Asset managers have seized the opportunity to leverage their expertise and capture a significant portion of the overall portfolio allocation. This helps staunch the bleeding of assets from mutual funds and SMAs, as well as fee compression across the industry. Leveraging third-party models can free up advisers to focus on other wealth management issues and deepen their relationship with high net worth (HNW) families, as well as help investors receive dedicated portfolio management expertise.

Many advisers believe that their value proposition is enhanced by creating portfolios. But according to Cerulli Research Reports, just 28 percent of investors believe their advisers have the highest level of investment expertise, and 35 percent prefer a dedicated investment team. Investors value a team of dedicated professionals, each with their area of expertise: investment management, financial planning, tax management, trust and estates, and philanthropy. The wealth adviser’s value is in assembling the team and accessing these resources as appropriate.

Models may not be appropriate for every adviser or every client, but they represent an evolutionary step forward for our industry. Asset managers can leverage their asset allocation and portfolio construction expertise, advisers can spend more time and energy addressing wealth management issues, and investors gain a broader team of experts working on their behalf. As with many shifts over the last couple of decades, some advisers may fret that these changes represent a threat to their business models, and others will embrace these changes and evolve their practices. Some advisers will become commoditized, and others will flourish as they pivot to focus on broader wealth management issues.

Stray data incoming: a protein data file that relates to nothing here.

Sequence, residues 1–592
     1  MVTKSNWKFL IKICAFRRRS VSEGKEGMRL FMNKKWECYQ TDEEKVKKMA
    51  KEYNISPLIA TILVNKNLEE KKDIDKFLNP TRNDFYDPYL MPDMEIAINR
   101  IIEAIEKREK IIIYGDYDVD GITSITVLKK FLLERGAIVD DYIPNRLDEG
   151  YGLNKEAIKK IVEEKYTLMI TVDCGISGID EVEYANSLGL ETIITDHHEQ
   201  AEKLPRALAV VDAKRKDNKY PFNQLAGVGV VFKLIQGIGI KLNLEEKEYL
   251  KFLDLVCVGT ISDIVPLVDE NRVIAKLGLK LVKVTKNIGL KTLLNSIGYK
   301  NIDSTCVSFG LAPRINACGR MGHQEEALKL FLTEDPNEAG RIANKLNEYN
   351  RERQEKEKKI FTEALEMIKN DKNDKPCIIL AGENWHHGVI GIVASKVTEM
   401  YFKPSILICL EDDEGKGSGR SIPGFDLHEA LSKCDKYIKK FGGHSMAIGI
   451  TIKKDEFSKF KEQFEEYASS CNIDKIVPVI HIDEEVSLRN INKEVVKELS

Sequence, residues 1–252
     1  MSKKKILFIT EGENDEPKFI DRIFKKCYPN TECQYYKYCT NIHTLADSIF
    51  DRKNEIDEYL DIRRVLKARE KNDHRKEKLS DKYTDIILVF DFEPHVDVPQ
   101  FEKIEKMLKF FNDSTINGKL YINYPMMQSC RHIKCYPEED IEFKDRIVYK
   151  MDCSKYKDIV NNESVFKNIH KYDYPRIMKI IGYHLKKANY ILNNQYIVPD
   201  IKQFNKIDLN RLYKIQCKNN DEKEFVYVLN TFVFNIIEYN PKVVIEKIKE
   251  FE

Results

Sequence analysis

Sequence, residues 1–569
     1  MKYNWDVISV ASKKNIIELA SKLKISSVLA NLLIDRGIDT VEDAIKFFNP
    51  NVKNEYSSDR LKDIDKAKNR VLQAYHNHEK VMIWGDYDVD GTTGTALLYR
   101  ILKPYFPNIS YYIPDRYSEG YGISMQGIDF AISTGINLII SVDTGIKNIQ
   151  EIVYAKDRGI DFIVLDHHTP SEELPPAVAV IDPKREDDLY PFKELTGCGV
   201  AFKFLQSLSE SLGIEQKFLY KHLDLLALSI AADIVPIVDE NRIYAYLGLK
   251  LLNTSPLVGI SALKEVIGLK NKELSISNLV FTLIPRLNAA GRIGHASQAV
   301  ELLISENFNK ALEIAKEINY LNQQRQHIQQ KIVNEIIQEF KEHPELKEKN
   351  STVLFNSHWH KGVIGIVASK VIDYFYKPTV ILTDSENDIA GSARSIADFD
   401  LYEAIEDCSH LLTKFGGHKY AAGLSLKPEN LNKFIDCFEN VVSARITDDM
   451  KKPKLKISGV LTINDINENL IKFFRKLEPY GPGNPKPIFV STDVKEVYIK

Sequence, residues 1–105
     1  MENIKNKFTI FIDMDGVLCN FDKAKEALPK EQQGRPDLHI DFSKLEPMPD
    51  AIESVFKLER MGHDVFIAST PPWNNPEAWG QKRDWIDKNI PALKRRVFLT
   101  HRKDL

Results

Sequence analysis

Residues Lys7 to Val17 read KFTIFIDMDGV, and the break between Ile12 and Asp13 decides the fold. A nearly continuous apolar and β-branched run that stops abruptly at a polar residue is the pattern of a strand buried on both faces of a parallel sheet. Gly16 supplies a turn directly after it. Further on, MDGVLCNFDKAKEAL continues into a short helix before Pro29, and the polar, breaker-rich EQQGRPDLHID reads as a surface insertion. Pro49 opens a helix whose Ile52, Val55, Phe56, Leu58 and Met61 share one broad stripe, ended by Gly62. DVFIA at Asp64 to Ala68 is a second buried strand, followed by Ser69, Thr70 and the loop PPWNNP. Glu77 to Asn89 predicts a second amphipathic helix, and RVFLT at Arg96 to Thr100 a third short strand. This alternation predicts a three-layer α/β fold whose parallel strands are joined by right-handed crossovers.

About the author: Tony Davidow, CIMA®

Tony Davidow, CIMA®, is president of T. Davidow Consulting, an independent advisory firm focused on the needs and challenges facing the financial services industry. Davidow leverages his diverse experiences to deliver research and analysis to sophisticated advisers, asset managers, and wealthy families. He has held senior leadership roles at Morgan Stanley, Charles Schwab, Guggenheim Investments, and Kidder Peabody among others. He is focused on developing and delivering content relating to advanced asset allocation strategies, alternative investments, factor investing, sustainable investing, and other topics. In 2020, Davidow was recognized by the Investments and Wealth Institute, with the Wealth Management Impact Award, which honors individuals who have contributed exceptional advancements in the field of private wealth management.